Please or Register to create posts and topics.

Inside the mind of a Machiavellian

What percentile on the Machiavellian scale are you in?
PreviousPage 2 of 2

What I think machiavellian does not account for is emotions/bonding. When I'm being machiavellian at work, I'm more into "thinking" mode so I achieve the desired outcome but I don't feel closer to the people as I basically "outsmarted" them. So I feel like it breeds more separation from the people around us. It leads us to see them more as a mean to an end than an end in itself. So it can disconnect us from other people. At least that is my observation and experience. I will hypothesise that machiavellism breeds power in exchange for connection/bonding. When I feel that I outsmarted someone it also makes me feel like I have less respect for them.


Hello John. What you wrote back then has remained very present to me to this day. I did not expect that a person who is not a Machiavellian could nevertheless put himself in the position of one.

Something that I personally have trouble with is that I am in "thinking mode" all the time. This probably also leads to the fact that I show/feel almost no emotions and am often distant. However, I do not know if I should really solve this problem at the moment because such a change, as many here can certainly imagine or have already accomplished, is psychologically very demanding. In any case, thank you for the interesting conversation!


Lucio Buffalmano, John Freeman and Jack have reacted to this post.
Lucio BuffalmanoJohn FreemanJack

Hello Roberto,

thank you, it's an honor. If you would like to dig deeper and are open to more feed-back, based on what you say I would dig on why you feel the need to distance yourself from your emotions. Most of the time it is to protect ourself from emotional harm. So it can happen that we are cautious around some people because we've been "burned" in the past. In some settings it's warranted, for instance in a highly political or dysfunctional work environment.

However, if one finds that it is preventing him/herself to get close/connect with others I would introspect around past emotional wounds IF you find what I wrote relevant for your situation. It is a bit like the avoidant attachment style which is a reaction from childhood to an engulfing/fusioning mother (possibly father). To exist, the child has to be an autonomous being. Therefore, the child chooses to over-detach because when he/she is being close to the mother (for instance), the mother is too close, preventing the child to become autonomous. Therefore, the avoidant (or the anxious) attachment style is an over-reaction to inadequate parental emotional distance.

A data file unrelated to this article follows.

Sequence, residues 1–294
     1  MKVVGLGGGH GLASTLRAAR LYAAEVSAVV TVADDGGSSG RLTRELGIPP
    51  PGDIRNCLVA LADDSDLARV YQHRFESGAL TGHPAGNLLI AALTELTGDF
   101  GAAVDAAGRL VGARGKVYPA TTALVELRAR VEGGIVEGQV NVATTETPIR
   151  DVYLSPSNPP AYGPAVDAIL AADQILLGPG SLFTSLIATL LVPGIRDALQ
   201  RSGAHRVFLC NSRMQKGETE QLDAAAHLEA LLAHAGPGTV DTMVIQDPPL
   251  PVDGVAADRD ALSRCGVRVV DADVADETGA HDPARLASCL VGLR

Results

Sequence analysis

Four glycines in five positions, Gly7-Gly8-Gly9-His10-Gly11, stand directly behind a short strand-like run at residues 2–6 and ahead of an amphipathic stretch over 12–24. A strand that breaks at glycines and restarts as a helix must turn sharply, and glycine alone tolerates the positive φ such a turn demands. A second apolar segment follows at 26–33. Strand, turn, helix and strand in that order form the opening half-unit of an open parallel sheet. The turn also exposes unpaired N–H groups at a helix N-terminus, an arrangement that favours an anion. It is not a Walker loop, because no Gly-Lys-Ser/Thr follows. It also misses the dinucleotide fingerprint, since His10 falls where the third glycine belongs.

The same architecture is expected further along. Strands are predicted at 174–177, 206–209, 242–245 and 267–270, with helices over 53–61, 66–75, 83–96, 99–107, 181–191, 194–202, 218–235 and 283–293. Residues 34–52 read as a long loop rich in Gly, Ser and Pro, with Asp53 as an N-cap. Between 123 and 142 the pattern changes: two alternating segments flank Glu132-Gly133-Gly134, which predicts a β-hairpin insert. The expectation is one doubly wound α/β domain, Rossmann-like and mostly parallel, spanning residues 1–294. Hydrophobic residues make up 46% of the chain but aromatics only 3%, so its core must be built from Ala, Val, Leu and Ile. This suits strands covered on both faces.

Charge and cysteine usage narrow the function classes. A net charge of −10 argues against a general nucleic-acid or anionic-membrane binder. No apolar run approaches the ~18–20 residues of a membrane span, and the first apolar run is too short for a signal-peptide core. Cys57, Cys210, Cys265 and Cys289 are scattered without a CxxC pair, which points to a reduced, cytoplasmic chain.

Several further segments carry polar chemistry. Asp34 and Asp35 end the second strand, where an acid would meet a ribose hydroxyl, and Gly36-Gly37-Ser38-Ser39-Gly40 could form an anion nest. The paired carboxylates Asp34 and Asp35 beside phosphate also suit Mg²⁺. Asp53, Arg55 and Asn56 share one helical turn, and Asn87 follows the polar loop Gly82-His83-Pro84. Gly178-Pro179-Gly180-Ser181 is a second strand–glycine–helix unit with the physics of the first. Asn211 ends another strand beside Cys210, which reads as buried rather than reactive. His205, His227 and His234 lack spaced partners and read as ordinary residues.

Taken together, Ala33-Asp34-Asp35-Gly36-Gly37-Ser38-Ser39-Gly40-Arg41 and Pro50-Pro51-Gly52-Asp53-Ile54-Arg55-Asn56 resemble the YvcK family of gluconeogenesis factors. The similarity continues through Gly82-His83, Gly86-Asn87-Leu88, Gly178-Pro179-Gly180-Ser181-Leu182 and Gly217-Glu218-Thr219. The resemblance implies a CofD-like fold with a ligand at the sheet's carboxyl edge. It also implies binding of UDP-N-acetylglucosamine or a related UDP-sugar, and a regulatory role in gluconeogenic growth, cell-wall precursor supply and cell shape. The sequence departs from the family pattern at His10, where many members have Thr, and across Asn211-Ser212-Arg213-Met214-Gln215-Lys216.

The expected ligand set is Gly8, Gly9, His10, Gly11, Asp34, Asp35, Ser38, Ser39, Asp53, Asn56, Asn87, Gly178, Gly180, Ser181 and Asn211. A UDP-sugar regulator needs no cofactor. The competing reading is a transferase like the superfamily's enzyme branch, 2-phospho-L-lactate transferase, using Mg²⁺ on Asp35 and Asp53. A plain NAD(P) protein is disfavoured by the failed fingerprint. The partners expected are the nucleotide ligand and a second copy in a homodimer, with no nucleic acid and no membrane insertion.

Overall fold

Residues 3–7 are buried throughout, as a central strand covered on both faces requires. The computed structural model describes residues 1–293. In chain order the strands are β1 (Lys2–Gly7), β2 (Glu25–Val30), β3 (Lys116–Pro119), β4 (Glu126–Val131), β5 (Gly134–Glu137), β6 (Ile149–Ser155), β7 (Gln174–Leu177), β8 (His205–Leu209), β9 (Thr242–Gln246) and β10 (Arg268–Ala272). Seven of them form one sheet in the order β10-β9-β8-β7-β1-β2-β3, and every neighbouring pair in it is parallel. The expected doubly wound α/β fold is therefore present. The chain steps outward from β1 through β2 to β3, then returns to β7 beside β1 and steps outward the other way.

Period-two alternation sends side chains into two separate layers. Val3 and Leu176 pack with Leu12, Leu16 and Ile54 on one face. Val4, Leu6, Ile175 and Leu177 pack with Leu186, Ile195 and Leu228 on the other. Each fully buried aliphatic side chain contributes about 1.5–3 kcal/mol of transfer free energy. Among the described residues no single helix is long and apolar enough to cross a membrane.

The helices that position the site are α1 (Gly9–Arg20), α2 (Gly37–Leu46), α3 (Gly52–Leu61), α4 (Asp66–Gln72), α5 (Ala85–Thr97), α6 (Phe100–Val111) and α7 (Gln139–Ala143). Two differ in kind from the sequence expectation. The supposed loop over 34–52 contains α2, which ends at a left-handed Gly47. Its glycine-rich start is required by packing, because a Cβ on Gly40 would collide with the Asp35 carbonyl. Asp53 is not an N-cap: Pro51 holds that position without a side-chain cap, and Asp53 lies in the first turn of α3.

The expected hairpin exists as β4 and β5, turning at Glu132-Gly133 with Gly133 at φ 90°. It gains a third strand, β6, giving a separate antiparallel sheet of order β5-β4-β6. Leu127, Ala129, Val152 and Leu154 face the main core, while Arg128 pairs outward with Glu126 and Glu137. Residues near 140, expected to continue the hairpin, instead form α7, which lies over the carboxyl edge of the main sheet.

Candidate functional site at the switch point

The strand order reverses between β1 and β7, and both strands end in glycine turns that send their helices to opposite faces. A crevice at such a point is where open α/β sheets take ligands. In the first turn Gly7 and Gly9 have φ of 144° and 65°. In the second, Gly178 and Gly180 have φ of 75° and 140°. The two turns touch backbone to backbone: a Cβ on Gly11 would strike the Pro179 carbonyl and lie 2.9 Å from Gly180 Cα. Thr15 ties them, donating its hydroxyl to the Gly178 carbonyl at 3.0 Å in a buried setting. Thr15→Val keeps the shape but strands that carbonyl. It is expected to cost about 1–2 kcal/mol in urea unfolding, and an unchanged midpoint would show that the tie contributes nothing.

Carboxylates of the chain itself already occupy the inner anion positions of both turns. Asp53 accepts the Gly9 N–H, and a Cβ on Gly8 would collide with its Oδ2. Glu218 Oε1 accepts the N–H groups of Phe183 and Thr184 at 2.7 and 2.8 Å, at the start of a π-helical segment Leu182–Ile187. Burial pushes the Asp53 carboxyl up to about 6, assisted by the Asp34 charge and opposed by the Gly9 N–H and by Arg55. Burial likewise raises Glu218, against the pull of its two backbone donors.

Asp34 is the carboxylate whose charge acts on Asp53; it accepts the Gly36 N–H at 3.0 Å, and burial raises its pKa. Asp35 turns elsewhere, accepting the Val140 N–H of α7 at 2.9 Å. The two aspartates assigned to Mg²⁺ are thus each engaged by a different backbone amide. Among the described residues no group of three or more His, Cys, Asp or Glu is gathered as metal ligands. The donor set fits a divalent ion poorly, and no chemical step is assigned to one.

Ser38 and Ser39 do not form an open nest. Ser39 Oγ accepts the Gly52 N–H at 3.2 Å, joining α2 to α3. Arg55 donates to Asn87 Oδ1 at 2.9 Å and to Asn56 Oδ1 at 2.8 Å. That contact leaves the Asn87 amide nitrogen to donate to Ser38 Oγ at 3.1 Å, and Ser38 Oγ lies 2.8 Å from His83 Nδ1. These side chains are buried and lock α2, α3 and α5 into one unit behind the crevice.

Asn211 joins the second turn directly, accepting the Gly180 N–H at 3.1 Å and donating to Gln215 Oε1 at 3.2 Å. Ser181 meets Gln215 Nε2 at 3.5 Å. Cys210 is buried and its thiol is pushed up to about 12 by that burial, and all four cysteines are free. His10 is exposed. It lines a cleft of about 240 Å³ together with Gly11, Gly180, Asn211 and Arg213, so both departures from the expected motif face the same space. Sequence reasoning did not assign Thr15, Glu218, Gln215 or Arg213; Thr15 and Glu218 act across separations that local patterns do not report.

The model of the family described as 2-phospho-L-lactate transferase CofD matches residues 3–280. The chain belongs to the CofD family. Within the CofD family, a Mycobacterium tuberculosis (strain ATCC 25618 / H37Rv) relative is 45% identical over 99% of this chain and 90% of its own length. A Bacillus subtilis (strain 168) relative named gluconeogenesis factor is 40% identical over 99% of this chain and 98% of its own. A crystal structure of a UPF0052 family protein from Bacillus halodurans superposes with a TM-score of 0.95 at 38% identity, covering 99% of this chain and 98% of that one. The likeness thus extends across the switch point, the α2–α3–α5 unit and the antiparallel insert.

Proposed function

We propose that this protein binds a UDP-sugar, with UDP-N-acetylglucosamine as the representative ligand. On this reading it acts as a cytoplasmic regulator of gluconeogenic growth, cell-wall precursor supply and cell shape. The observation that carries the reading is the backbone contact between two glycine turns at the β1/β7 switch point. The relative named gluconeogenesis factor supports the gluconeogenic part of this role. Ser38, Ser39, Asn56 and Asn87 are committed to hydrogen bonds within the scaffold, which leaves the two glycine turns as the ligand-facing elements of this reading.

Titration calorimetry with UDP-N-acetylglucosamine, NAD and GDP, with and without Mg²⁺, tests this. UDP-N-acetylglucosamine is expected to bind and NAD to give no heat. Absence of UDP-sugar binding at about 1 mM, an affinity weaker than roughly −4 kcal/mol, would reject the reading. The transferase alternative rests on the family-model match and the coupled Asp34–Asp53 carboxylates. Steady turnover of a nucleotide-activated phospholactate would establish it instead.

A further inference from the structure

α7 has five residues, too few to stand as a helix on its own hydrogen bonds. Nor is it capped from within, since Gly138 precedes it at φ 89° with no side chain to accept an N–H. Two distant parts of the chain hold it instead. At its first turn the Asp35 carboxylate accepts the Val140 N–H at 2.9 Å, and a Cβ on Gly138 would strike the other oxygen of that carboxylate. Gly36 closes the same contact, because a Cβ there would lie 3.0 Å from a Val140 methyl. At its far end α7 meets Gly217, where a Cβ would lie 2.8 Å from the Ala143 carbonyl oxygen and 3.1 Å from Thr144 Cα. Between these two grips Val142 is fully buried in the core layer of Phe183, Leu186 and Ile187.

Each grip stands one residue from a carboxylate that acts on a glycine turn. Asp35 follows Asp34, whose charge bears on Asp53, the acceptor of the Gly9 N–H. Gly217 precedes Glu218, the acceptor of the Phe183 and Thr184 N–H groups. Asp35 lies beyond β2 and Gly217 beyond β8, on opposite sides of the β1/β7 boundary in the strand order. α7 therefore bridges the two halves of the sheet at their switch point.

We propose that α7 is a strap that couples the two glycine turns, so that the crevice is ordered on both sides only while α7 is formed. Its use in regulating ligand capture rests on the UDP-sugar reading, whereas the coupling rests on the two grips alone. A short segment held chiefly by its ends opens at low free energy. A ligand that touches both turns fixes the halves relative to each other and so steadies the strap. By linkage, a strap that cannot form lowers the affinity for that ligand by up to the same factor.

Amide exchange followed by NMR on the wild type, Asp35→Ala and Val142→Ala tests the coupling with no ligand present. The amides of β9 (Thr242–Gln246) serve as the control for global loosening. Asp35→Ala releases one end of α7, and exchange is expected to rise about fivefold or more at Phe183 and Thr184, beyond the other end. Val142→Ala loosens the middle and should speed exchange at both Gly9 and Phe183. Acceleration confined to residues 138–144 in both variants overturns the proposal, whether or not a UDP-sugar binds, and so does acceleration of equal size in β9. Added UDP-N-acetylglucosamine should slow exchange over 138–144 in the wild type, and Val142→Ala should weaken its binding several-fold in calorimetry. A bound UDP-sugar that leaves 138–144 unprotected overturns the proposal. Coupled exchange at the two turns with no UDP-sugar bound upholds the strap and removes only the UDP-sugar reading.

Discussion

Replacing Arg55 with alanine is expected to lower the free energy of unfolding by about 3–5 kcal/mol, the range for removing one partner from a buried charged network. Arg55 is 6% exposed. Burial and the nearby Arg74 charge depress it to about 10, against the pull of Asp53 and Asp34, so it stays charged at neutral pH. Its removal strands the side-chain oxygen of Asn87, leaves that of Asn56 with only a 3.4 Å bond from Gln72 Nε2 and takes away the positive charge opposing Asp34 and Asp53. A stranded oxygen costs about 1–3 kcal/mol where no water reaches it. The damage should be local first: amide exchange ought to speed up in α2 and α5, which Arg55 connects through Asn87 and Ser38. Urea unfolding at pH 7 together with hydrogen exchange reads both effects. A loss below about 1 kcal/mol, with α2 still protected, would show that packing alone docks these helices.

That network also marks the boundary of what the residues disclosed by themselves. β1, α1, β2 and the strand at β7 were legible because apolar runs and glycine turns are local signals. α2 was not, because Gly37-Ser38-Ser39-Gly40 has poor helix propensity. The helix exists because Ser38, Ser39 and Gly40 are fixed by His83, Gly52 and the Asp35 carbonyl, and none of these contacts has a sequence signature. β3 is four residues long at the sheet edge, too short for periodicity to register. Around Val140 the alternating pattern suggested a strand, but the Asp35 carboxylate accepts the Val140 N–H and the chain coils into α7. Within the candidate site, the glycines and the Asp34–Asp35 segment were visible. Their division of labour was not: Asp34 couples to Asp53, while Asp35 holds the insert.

So underlying all of this is the matter of trust I believe. Who can we trust? And how far can we trust? Who is our ally and who is our enemy? When unsure, being emotionally distant with most people or all people is a valid default and logical approach in order not to be hurt. However, this prevents one from feeling close to others from whom we would benefit of being close. I think it's more productive to have a default trusting approach than a default cautious approach. There is more to gain and less to lose as a minority of people are out there to hurt us by default. Also by being defensive (if only through body language) we risk to provoke a mirror reaction that can trigger aggressiveness from others (I know this from experience that being too cold preventively triggered aggressiveness in others towards me).

I'm open to feed-back on my feed-back as I'm throwing some hypotheses based on assumptions based on what you wrote.

Thanks to you for the open exchange as well! More to come!

Roberto has reacted to this post.

Hello John

I appreciate you taking the time to give me such a detailed answer!

I am of the opinion that my distant behavior has nothing to do with any of the different attachment styles. I remember my early childhood where you could really say that everything was perfect. Even then I had this feeling of being different from everyone else and that no one understood me. Of course, the problems I faced in almost all of my later youth didn't help. It didn't bring out anything new, but rather served as an amplifier. But it made it much more complicated to solve the things in my head. However, one can conclude that not everything about it is bad. Without all the problems I've overcome I wouldn't be where I am today, I wouldn't have the urge to make the best version of myself. I would never have found this website. I use all the past to keep my inner flame burning and to keep going even in difficult times.

It amazes me how many people, because of past hurts/traumas, decide to make the best of their lives. For example, Ali's story about this from the book "The Social Strategist" was very inspiring. Especially since we are about the same age. It's amazing what people can achieve at such a young age. Wow!

Have a successful day

John Freeman has reacted to this post.
John Freeman

Thanks for your answer!

Adversity is our friend I think. It makes us stronger and better.

Roberto has reacted to this post.
PreviousPage 2 of 2
Scroll to Top